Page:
Boss “Tough But Fair” or a Manipulative Leader?

Boss “Tough But Fair” or a Manipulative Leader?

What makes a Tough but Fair Boss?
A tough boss is one who holds his employees accountable with strict guidelines and high demands for performance and excellence. He does not coddle people or tolerate excuses from those who fall short of the stated goals. But he is also fair. He sets the performance bar high and gives his employees all the tools they need to succeed. He protects them from adversity within the organization and he backs them with their clients and customers. He believes that people perform at their peak if they understand what is needed to be done and they have the means to take the action to get it done. People admire him and want to work for him. Those who are afraid to be challenged avoid him and those who want to succeed embrace the opportunity to learn from the master.

What makes a Manipulative Leader?
A manipulative leader believes that intimidation, humiliation, and threats to his employees are good business practices. He will tease his employees, pit one against the other, and keep moving the performance bar until everyone feels he is unfair and unreasonable. He promises rewards and then finds an excuse to not deliver. His employees frightened and confused. And most important he believes that these supervisory tactics produce results because these scare tactics are necessary to make people produce. He thinks that people will not produce unless they are threatened.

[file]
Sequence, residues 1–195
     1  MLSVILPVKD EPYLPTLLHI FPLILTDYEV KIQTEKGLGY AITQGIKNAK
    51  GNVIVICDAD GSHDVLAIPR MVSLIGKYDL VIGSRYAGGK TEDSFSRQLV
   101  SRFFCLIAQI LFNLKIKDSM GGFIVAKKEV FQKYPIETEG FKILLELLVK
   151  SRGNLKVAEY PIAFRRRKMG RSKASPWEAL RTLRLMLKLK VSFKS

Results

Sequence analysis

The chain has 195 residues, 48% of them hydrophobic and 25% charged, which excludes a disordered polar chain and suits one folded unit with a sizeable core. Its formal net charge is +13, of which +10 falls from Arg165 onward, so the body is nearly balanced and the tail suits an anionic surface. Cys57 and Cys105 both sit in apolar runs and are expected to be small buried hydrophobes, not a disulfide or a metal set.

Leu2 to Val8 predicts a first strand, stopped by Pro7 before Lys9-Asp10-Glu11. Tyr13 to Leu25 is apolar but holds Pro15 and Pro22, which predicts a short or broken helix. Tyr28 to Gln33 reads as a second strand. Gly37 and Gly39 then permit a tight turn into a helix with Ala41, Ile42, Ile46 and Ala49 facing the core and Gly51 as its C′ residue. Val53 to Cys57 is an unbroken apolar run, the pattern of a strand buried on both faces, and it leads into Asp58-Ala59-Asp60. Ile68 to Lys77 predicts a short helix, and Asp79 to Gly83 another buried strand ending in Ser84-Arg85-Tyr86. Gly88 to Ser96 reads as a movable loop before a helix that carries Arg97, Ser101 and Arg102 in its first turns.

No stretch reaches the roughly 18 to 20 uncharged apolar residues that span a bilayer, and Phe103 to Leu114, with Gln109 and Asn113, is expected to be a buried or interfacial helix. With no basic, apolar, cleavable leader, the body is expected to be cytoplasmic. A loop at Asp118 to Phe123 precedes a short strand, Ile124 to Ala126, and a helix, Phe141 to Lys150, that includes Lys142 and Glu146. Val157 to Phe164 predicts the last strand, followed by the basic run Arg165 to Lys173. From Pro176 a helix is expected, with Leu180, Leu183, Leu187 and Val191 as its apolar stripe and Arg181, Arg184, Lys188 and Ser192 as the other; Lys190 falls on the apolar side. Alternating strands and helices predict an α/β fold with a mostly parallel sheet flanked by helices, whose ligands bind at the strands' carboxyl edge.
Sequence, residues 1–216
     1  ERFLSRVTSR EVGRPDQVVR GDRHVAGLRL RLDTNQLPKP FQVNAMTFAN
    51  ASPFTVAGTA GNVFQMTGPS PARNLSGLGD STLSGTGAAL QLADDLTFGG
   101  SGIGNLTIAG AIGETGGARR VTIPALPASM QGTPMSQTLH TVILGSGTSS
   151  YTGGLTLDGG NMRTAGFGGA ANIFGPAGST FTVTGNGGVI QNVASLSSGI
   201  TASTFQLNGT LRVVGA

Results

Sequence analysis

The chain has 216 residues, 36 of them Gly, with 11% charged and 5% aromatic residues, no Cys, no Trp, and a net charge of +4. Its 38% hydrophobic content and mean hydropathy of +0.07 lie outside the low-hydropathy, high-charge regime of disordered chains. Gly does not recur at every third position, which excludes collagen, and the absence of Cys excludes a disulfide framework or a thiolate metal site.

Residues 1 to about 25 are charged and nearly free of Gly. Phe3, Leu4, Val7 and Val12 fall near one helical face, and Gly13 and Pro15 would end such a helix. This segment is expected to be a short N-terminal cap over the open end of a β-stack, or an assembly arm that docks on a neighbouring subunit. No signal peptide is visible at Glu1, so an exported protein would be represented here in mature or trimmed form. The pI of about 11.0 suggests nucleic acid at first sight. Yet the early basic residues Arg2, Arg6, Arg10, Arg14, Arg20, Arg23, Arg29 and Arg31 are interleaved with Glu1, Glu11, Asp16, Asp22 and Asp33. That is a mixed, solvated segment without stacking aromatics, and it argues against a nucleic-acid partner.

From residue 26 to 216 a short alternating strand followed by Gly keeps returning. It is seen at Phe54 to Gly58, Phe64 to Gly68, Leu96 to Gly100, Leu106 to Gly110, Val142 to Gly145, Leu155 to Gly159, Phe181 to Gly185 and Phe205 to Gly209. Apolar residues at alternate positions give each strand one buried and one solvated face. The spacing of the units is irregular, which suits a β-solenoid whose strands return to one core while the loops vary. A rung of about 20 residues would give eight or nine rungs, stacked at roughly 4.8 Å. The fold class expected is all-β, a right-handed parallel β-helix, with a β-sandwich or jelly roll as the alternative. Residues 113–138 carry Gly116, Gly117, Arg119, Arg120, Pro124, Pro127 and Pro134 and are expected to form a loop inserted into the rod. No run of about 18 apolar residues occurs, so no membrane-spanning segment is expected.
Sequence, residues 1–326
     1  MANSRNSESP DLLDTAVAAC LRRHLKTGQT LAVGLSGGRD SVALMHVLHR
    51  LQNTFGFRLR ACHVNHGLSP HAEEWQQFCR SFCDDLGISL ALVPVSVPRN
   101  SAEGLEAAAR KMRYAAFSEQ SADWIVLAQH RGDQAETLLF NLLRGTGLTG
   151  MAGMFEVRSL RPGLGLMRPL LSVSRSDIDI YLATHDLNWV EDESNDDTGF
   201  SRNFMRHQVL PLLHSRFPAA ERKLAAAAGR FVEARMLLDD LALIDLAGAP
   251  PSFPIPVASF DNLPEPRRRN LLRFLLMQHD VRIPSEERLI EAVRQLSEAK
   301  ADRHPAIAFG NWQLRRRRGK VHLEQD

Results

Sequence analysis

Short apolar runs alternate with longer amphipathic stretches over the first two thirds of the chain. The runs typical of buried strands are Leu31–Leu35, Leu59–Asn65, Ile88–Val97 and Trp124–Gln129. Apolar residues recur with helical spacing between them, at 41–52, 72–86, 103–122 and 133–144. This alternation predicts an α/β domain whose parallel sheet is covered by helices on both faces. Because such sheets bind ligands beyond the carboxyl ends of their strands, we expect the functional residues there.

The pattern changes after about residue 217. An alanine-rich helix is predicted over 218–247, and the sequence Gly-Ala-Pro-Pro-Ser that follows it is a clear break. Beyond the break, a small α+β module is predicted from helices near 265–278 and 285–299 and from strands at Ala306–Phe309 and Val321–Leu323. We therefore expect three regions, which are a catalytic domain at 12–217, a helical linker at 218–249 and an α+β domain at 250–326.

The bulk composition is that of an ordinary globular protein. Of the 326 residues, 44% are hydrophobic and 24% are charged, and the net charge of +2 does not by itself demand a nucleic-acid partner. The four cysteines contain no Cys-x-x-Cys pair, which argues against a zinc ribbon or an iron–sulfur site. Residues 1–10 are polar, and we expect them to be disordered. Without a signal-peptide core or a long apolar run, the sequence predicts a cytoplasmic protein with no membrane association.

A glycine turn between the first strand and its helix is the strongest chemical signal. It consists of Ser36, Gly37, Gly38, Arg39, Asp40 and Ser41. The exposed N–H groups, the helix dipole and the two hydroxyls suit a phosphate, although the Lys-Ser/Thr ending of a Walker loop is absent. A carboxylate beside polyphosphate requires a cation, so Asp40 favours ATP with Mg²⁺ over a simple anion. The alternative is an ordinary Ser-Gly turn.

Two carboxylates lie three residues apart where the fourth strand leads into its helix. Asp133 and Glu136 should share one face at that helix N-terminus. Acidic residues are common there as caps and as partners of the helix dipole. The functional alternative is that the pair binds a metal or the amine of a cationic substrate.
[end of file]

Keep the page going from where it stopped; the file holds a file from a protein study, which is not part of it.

If you are a manipulative leader, your days are numbered.

Your Employees are Leaving You
Regardless of what accomplishments you have achieved with “stick” management, fewer and fewer employees are willing to tolerate the pain of your style of management. They will leave you or they will file complaints or they will do both. Those who stay will underproduce because they will be filled with fear and resentment. Your bottom line will suffer. You will be identified as a problem instead of as a producer. It’s time for you to learn new ways to lead and succeed.

Boss: What You Should do Now

Reassess your perspective on managing others. Read some best-selling books on management through empowerment and motivation. Get feedback from your boss and HR on how others see you. Are you tough but fair? Ruthless? In trouble? Review your numbers: successes, failures, turnover, sales, lost sales, etc. Seek guidance from a Conflict Consultant who can help you change your style and regain your status and success.

I’m Kathleen Bartle, a strategic consultant on workplace conflict to executives worldwide for more than 20 years. My work brings individualized solutions to your teams’ lost productivity, loss of key personnel, low morale, and the high costs resulting from bullying, abrasive behaviors and interpersonal workplace conflicts. You can contact me here.